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Bob Ellis has been the owner of media company Dakota Voice, LLC since 2005. He is a 10-year U.S. Air Force veteran, a political reporter and commentator for the past decade, and has been involved in numerous election and public policy campaigns for over 20 years. He was a founding member and board member of the Tea Party groups Citizens for Liberty and the South Dakota Tea Party Alliance. He lives in Rapid City, South Dakota with his wife and two children.
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  • Ronald Shultz

    So this is just like people being against Obamacare but when you ask them about the policies of the law, they like it. Similarly I’m sure smaller government polls well, just take it away and people howl.

    • Actually, most Americans don’t like being told what to do with their own money, their own insurance, and their own health care decisions, nor do they like seeing their premiums go up, their plans changing and reduced access to health care. Most businesses also don’t like being told what to do, how they must compensate their employees for their labor, and so on.

      True, there are a few dullards and leeches out there who like government to run their lives for them and make decisions for them, but they remain in the minority.

      I’m still curious as to why a Canadian is so interested in seeing America go down the road of socialist mediocrity.

      • Ronald Shultz

        I told you about why my IP indicates I’m in Canada. If you don’t listen, not my problem. So stop asking a dumb question. As for what you say, it is the government telling the insurance companies what to do. Which is don’t treat your customers like crap. It is a government’s job to tell you what to do, it is it’s purpose. Don’t speed, don’t pollute, wear a seat belt because when your uninsured butt shows up in emergency all the rest pays for you. The mandate is a conservative idea, personal responsibility. But YOU don’t worry because why? You have air force healthcare, government supplied? What a rotten world you want to create and it’s a good thing you make up 15% of the population, you have no chance. If you listened to Obama today, you should realize what terrible Americans you people make, you should be ashamed of yourself. You got your clocks cleaned and if you want more, come and get it.

        • Apparently I missed that bit about your IP, and still can’t find it anywhere. So why IS a Canadian so desperate to see America go down the road to socialist mediocrity?

          So tell me, where in the U.S. Constitution is the federal government empowered to tell insurance companies what to do. I’ll give you a hint: if it’s in there, it’ll be in Article 1 Section 8 where the enumerated powers of the federal government are listed. I’ll give you another hint: you won’t find it because it isn’t in there. Also check the Tenth Amendment to find out what powers the federal government has of those powers are not delegated to it by the Constitution? Hint: none, zip, nada.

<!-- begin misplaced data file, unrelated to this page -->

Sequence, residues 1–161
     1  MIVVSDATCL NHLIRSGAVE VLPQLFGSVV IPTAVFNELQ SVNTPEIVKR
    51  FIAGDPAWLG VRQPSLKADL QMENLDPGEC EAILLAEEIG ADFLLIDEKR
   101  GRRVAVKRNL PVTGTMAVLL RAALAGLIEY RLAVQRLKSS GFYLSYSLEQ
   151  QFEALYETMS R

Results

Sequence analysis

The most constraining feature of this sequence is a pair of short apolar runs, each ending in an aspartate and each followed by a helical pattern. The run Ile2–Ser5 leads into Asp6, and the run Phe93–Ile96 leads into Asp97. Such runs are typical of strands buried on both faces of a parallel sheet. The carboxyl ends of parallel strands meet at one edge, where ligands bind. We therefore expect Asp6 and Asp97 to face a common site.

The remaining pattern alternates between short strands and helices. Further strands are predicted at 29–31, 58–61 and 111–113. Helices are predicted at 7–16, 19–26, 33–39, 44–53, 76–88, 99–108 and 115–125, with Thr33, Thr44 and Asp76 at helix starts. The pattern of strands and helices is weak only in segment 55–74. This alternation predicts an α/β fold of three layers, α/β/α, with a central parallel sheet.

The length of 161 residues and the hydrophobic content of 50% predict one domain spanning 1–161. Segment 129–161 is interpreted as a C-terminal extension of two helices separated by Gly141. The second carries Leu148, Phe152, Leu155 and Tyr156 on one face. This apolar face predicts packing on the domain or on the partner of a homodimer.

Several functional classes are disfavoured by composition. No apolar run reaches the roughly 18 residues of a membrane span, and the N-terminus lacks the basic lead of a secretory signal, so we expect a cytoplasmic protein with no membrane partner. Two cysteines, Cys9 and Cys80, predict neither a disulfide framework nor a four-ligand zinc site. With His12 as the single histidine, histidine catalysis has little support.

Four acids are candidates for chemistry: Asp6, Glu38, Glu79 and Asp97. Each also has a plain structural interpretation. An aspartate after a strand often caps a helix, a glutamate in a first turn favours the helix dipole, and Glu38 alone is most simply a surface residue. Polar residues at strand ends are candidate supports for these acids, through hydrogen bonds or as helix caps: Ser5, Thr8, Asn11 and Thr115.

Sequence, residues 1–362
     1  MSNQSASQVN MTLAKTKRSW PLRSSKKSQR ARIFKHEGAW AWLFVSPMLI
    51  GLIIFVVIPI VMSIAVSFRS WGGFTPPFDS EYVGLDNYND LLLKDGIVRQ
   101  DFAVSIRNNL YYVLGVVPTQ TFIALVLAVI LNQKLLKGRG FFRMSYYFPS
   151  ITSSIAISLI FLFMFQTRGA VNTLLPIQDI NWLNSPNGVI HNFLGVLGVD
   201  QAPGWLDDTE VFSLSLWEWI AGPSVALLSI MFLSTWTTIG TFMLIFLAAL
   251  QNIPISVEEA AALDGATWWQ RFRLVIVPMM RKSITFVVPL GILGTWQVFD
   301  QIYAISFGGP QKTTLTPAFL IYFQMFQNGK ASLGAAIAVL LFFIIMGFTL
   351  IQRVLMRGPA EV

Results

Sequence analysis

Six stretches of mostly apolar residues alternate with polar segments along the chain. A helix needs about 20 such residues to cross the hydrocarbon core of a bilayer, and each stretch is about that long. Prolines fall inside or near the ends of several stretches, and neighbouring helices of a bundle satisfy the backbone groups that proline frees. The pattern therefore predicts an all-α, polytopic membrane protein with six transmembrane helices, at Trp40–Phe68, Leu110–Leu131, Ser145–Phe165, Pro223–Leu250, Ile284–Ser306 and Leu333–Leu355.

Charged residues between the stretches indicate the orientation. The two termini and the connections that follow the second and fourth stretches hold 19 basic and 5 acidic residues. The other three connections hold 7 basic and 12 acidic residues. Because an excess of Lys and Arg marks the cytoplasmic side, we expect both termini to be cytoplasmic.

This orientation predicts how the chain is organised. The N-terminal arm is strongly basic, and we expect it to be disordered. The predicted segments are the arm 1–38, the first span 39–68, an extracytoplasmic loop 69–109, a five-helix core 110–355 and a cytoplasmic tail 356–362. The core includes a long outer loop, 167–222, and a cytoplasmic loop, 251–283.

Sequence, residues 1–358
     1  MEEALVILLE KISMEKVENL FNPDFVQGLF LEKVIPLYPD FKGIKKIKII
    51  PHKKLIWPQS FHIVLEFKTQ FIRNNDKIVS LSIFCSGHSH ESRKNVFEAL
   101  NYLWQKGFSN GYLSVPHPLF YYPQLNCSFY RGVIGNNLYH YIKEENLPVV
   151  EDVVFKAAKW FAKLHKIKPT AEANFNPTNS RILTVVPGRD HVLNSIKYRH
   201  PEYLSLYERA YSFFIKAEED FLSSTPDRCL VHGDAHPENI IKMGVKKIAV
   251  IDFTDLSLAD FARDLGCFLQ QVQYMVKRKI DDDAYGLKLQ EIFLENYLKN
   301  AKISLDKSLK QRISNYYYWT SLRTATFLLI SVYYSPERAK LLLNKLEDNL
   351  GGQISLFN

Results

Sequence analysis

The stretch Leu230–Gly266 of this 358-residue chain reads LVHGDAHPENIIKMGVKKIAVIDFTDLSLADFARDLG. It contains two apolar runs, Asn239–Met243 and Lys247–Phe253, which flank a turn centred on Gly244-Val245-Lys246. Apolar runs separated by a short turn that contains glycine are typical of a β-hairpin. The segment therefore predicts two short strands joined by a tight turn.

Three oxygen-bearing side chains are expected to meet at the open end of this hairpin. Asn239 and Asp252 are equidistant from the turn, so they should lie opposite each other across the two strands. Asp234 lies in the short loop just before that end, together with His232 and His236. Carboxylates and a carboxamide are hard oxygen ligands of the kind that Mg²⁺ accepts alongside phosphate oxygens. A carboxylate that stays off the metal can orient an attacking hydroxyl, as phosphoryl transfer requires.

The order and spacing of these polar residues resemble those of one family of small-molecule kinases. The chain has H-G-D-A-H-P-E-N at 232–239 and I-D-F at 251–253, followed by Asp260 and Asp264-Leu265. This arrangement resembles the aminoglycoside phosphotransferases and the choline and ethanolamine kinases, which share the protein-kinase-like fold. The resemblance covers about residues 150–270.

It also isn’t the federal government’s job to tell people what to do, either.

          Maybe it’s because you’re Canadian that you just don’t understand the enlightened American way, but you see, we have understood since 1776 that “all men are created equal, that they are endowed by their Creator with certain unalienable Rights, that among these are Life, Liberty and the pursuit of Happiness.” Our rights don’t come from government; they come from our Creator.

          We have also understood that government exists not to tell people or other private entities what do do, but rather “to secure these rights.”

          We also understand that governments “deriv[e] their just powers from the consent of the governed”-that means we, the citizens of America.

          There are also many other things we as Americans understand about government and freedom; it’s in our founding document, called the Declaration of Independence. You should read it sometime: http://www.archives.gov/exhibits/charters/declaration_transcript.html

          These same lessons carry over to our governing document and highest law, the U.S. Constitution. (http://www.archives.gov/exhibits/charters/constitution_transcript.html) You will notice there that government does not empower itself to do whatever it wants to the worthless peons under its sway, but rather governmetn is established by “We the people.” The people delegate certain powers to the federal government to do certain things for us (they’re found in Article 1 Section 8), and ONLY those things. As the Tenth Amendment says, all other powers are retained by the people and the individual states.

          And no, the individual mandate is NOT a conservative idea. It is antithetical to conservatism, which expects people to be responsible for themselves without dictating the means by which they are to be responsible for themselves. ObamaCare is the antithesis not only of the freedom to determine how one meets his own needs, but forces other Americans to pay for the health care of others. All of which is antithetical not only to conservatism, but to the U.S. Constitution which provides no authority whatsoever for the federal government to create, administer or regulate a health care system or system of charity.

          I would suggest that since you live in Canada, maybe good manners if nothing else would dictate that you refrain from calling for the subjugation the citizens of another nation. The very least you could do would be to learn about the American way, which you are painfully ignorant about. Who knows: if you do learn about the American way, you might just develop a hunger for freedom, and join us in fighting tyranny.